The justices dealt with several cases of interest to educators, including disputes involving race in college admissions, prayers at government meetings, the rights of public employees, the role of IQ scores in the death penalty, and a case about cellphone privacy that could affect students.
State Prohibition on Race-Conscious Admissions
The court in Schuette v. Coalition to Defend Affirmative Action (Case No. 12-682) to uphold a 2006 Michigan ballot initiative that bars race-based preferences in admissions at the state’s universities. No opinion commanded a majority of the court. In a plurality opinion signed by two other members of the court, Justice Anthony M. Kennedy said there was no authority in the U.S. Constitution or in the court’s precedents for the judiciary to set aside Michigan laws that allow voters to decide whether racial preferences may be considered in school admissions.
Prayers at Municipal Meetings
The justices of permitting private individuals to deliver prayers before town council meetings, despite the predominantly Christian and sometimes proselytizing nature of the prayers. The majority said its decision in Town of Greece, N.Y. v. Galloway (No. 12-696) was governed by the high court’s 1983 decision in Marsh v. Chambers, which upheld prayers delivered before the Nebraska legislature. Legal experts disagreed about whether prayers at school board meetings would be permitted under the court’s decision.
In a case closely watched by the teachers’ unions, the court in Harris v. Quinn (No. 11-681) declined entreaties from “right-to-work” advocates to allowing public-employee unions to collect so-called agency fees from workers who refuse to join the union but are covered by a collective-bargaining agreement. Ruling 5-4, the justices refused to extend the 1977 case, Abood v. Detroit Board of Education, to home-health care workers in Illinois whom the court deemed to be only quasi-public employees. Still, the majority cast serious doubt about the future of the Abood precedent.
The court gave public employees such as teachers and administrators stronger First Amendment speech protections when they testify under oath. The in the case of the head of an at-risk youth program administered by an Alabama community college who was fired after he testified against a state legislator who held a no-show job. The justices said sworn testimony was outside the scope of the administrator’s ordinary job duties and was protected under the First Amendment as speech by a citizen on a matter of public concern.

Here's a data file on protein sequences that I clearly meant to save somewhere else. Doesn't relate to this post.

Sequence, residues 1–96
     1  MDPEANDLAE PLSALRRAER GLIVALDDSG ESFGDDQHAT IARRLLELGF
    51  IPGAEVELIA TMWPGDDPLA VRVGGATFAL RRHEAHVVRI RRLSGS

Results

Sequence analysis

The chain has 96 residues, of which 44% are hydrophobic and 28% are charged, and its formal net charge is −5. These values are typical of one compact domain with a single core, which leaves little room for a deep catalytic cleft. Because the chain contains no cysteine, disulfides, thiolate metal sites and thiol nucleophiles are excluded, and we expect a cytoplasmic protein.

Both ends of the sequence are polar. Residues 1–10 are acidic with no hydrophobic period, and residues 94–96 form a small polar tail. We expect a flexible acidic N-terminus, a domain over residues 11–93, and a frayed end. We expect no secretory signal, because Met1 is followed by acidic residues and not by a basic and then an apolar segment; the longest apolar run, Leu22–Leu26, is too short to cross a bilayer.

IQ Scores and the Death Penalty
The court that a state may not set an IQ score of 70 or below as the rigid cutoff that would permit it to execute a person with an intellectual disability. The case of a longtime Florida death row inmate whose teachers once classified him as “mentally retarded” was one that invited much debate over the role of IQ scores and the educational and intellectual development of capital defendants. The court said intellectual disability was “a condition, not a number,” and that Florida’s rigid cutoff score failed to take into account the standard error of measurement, in disregard of established medical practice.
The justices to the contents of cellphones. The decision in Riley v. California (No. 13-132) concerned warrantless police searches of the phones of criminal suspects who were under arrest, but the court’s expansive reasoning could potentially be interpreted to protect students’ digital devices from searches by school administrators. The court’s opinion stressed that cellphone users carry a digital record of nearly every aspect of their lives—“from the mundane to the intimate.”
A version of this article appeared in the July 10, 2014 edition of Education Week as The 2013-2014 Term: Notable Cases